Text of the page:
“People who camp out there are not wilderness people, they’re more like transients and drug addicts,” says city ranger John Garwood. “We’ve found needles and pipes. The most common [items found] are plastic bottles, vegetable cans, batteries, pots, and stuff. About the strangest thing I’ve found is a television.” Once a month, Garwood leads a volunteer trash pickup in López Canyon, 2000 acres of land in Mira Mesa that is part of the Los Peñasquitos Canyon Preserve. The next cleanup will take place on Sunday, February 24.
“There’s a guy who lives right off the rim of López Canyon, Neil Meyer,” says Garwood. “He’s enthusiastic about cleaning up López because that’s pretty much his backyard.” Meyer, who has lived in the area for ten years, says, “I spend a lot of time in the canyon with my dog and by myself, walking, running, or riding a bike.” Though he has always noticed a significant amount of trash in the canyon, it was only within the past year, Meyer says, that he realized “part of the problem was homeless camps.”
Initially, Meyer tried to get the police involved, “but the police were very slow to respond.” As a member of the Friends of Los Peñasquitos Canyon Reserve (a volunteer organization), Meyer “initiated some trash pickups with rangers’ help so we could drive down there with trucks.” When Meyer encounters people camping in the preserve, “I tell them, ‘Next weekend we’re going to be down here, and anything left behind, we’re taking.’ I give them a chance to take what they want and get out of there.”
Most of the larger items, like couches or computer monitors, are dumped by people off the Camino Santa Fe Bridge just north of Mira Mesa Boulevard. Volunteers make as many trips as necessary, and smaller refuse is taken to a Dumpster at the ranger station on Mercy Road by Black Mountain Road. Computers, plastic bottles, cans, and other recyclables are brought to a nearby recycling facility, and some loads are occasionally brought to the landfill on Convoy.
“I live in the area, but even if I didn’t, this has always been one of my favorite areas with lots of great wildlife and the largest population of deer in San Diego,” says Ryan Mocock, a biology teacher at Poway High School. “I like to get the kids involved, because we sometimes talk about nonnative species like the eucalyptus trees and how they affect the environment.” Mocock has offered extra credit to students in the past for assisting in cleanup efforts. “They’re hiking through the vegetation, seeing deer droppings. I get poison oak just about every time I go out there, but I like to wear shorts and short sleeves.”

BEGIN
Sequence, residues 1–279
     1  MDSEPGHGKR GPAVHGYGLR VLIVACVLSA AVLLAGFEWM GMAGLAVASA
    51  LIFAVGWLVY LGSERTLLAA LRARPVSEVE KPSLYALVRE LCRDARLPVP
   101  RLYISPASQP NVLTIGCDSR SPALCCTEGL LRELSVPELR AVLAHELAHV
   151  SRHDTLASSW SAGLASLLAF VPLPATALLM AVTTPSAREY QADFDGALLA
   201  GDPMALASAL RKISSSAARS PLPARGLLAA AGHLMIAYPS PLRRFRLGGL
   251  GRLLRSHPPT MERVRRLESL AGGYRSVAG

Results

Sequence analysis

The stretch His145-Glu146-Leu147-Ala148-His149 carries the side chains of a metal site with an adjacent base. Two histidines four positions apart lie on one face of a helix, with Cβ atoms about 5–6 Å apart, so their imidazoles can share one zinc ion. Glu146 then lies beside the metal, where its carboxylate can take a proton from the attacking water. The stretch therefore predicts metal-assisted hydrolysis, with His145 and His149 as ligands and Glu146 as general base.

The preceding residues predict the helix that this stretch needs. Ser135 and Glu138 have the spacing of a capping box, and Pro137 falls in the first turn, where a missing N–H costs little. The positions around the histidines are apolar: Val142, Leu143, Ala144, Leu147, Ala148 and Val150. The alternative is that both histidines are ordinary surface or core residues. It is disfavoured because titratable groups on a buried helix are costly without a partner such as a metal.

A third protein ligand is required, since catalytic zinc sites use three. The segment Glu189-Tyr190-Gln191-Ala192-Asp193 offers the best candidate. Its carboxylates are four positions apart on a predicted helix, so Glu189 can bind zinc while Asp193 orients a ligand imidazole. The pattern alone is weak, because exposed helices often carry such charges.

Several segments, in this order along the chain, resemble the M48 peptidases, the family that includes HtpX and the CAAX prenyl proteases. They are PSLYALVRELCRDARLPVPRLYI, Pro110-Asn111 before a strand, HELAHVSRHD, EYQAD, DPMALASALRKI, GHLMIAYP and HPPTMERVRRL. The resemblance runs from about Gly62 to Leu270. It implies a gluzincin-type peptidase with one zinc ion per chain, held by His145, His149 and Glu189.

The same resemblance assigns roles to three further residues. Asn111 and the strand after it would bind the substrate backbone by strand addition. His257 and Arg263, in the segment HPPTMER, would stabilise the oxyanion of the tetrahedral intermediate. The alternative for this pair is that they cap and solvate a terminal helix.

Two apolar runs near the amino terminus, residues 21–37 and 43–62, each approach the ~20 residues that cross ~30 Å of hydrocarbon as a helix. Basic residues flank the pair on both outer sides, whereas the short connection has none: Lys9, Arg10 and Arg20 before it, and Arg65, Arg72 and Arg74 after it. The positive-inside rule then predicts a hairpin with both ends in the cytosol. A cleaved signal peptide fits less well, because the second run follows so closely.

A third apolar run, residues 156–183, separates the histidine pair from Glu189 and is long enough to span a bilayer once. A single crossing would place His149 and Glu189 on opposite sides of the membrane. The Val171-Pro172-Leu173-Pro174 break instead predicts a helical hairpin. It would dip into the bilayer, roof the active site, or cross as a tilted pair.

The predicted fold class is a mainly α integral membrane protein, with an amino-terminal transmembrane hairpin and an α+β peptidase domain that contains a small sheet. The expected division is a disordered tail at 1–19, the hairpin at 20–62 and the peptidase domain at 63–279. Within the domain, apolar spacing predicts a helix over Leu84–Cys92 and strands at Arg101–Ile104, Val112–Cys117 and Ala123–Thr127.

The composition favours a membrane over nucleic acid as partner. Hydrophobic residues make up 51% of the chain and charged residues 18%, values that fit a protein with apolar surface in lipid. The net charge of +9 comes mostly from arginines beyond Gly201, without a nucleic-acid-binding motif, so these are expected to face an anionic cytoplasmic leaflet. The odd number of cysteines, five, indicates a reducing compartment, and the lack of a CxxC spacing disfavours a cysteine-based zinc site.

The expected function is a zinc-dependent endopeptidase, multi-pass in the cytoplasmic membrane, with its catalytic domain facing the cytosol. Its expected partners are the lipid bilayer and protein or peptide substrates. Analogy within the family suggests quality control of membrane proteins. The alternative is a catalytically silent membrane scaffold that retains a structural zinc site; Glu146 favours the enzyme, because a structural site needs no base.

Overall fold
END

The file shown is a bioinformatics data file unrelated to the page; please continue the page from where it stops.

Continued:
The most unpleasant discovery, along with syringes and other drug paraphernalia, has been human waste. “[People camping in the area] collect [the waste] in containers so they don’t smell up their campsites, but they leave [the containers] behind,” says Meyer. “Homeless people would bottle their urine, and when my students found that, I heard lots of screeches,” remembers Mocock.
Mocock says it’s a “never-ending battle” against people using the canyon as a giant Dumpster. One night he was drawn outside of his home by a loud noise. “I saw this guy dumping huge bags of concrete, throwing it out as fast as he could. I’m afraid to yell at the guy because it’s the middle of the night and, who knows, he’ll know where I live and stuff.” The cement could interfere with local wildlife. “At the bottom there’s a creek, and it drains through the entire canyon.”
“We have an endangered plant, the willowy monardella — another name for it is the Poway mint,” says Mike Kelly, president of the San Diego Conservation Resources Network. “It’s a highly endangered sub-shrub [one to three feet tall]. Its entire home range is between 805 on the west, 52 on the south, Scripps Poway freeway on the north, and 67 on the east. The plant is not found anywhere outside of that very small area.”
Threats to the Poway mint include erosion caused by building development, dumping of trash, and invasive plants like wild chrysanthemum, mustard, and filaree.
“From the 1970s to 2008 there has been continuous development, sending storm water into López Canyon at a rate, volume, speed, and force that it never had prior to the 1970s,” says Kelly. This runoff is also a major contributor to the trash problem. “The City of San Diego storm drains empty into all these canyons,” says Meyer. “They’re a natural depository for water [and trash] coming off of these streets.”
Mocock says the regular cleanups do help. “When I initially moved in three years ago, there was trash like you wouldn’t believe; it hadn’t been addressed in a long time. But now I see trails growing in with native plants and more deer droppings, which means they’re now moving into areas they weren’t in before.”
Volunteer Trash Pickup in López Canyon
Sunday, February 24
9 a.m. to 1 p.m.
Meet at López Ridge Park,
7245 Calle Cristobal
Info: 858-538-8066 or www.penasquitos.org